Michael Silverman in the Boston Herald pens something I have known for a long time.
There is no secret to Ramirez.
Manny was being Manny long before he came to Boston, and heâ€™s going to keep on being Manny after he leaves – and well after he delivers what is going to be one hell of a Hall of Fame induction speech.
Ramirez can infuriate, he can behave inexcusably and he can change his mind before he makes it up. In the end, however, he wants to be one of the best hitters in baseball. That truth is as plain and simple as Ramirez is.
Manny is not simple in the sense that he is not bright. He is bright and dedicated. But his authenticity confuses and befuddles the folks who are used to dissemblers and charlatans. In a world where we celebrate the folks who reinvent themselves every few years, a person with a focus and a purpose is going to confuse them.
Manny did thus. He just wants to hit. He wants to excel at his craft. He wants to be the best he can be. Too many fans approach that explanation with a jaundiced view. They point out his lapses in the field or his occasional lollygag to first. These are fair criticisms. In the interests of full disclosure, I am a Manny apologist. He won me over with his dedication to hitting and his consistency at the plate. He is the consummate professional hitter.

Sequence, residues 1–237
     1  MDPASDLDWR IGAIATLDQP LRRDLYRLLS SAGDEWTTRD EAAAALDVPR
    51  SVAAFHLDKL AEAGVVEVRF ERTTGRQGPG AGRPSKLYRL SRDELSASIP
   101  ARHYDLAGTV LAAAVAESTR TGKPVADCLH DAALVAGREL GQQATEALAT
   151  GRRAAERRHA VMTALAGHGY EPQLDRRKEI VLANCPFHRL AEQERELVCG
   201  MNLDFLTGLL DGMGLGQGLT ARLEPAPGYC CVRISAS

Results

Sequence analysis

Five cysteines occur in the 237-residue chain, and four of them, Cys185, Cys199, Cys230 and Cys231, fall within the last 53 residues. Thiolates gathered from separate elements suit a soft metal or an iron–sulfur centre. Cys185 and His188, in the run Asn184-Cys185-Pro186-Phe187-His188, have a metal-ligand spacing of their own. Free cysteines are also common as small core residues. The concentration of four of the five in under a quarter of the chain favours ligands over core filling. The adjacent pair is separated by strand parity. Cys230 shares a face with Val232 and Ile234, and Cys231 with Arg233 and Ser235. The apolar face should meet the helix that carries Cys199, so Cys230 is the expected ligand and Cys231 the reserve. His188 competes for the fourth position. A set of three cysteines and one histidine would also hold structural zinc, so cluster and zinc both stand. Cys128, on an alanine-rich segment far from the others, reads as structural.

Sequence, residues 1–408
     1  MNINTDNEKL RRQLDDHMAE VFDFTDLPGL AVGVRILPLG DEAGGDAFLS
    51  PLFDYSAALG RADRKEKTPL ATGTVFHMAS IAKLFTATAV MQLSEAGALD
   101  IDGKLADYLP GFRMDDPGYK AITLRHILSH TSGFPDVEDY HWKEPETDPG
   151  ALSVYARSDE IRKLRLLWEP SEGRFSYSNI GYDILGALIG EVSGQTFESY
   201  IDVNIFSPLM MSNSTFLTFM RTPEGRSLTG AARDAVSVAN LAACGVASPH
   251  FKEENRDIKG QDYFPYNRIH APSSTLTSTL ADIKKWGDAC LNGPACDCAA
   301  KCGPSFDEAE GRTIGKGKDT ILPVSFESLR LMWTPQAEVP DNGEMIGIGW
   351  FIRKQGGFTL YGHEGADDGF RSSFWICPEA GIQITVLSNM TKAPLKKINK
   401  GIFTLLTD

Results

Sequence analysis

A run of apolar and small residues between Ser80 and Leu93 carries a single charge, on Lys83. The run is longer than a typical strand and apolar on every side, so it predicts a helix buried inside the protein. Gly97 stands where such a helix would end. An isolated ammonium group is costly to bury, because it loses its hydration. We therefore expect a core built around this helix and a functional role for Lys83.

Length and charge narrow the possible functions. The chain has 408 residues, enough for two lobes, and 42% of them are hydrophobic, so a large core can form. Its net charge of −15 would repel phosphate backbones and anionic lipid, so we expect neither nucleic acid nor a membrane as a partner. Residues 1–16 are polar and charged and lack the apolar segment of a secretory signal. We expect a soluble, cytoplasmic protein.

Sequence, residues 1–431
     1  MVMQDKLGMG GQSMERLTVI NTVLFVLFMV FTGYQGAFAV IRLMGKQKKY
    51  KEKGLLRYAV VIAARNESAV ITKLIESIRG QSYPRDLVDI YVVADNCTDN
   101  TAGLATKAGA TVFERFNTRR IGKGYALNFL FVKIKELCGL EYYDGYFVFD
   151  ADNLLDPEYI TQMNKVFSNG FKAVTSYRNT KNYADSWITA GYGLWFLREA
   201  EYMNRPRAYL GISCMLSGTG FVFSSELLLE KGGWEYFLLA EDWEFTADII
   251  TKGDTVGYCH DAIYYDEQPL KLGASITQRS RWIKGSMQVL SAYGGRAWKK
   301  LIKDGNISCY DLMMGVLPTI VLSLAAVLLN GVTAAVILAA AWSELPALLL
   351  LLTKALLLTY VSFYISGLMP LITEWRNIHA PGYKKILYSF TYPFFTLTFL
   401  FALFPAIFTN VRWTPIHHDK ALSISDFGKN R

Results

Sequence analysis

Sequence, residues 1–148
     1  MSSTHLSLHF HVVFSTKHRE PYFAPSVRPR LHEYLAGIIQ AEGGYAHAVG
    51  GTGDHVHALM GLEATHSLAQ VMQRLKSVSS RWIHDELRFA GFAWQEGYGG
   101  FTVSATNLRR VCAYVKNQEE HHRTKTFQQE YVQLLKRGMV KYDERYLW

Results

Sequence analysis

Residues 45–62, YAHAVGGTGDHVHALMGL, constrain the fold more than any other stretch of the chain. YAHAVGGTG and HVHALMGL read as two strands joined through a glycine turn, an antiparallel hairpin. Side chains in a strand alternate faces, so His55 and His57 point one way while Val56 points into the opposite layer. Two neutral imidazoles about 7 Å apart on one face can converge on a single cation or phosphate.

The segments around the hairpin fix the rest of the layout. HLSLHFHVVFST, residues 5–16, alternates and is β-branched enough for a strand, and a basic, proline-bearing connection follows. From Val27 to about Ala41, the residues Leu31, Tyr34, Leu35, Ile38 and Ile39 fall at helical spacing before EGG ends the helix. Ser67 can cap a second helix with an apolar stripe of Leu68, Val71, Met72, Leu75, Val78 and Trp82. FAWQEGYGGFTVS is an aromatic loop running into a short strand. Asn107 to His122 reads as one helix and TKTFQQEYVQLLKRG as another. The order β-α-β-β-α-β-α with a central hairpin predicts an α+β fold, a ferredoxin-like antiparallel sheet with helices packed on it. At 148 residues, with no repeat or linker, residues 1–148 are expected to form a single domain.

The pursuit of perfection in a discipline should engender respect and curiosity. Manny’s devotion to his craft is in the same mold as Isaac Newton’s devotion to physics. Both were geniuses at what they did, and both were deeply misunderstood by their critics and adored by their supporters. Newton invented Calculus. Manny hits a small round ball real hard. For many a mathematically challenged student, advantage Manny.
Folks in the Mainstream Media ought to relax — he doesn’t return my phone calls for interviews either. Appreciate the artist for what he does well. And that’s rake.
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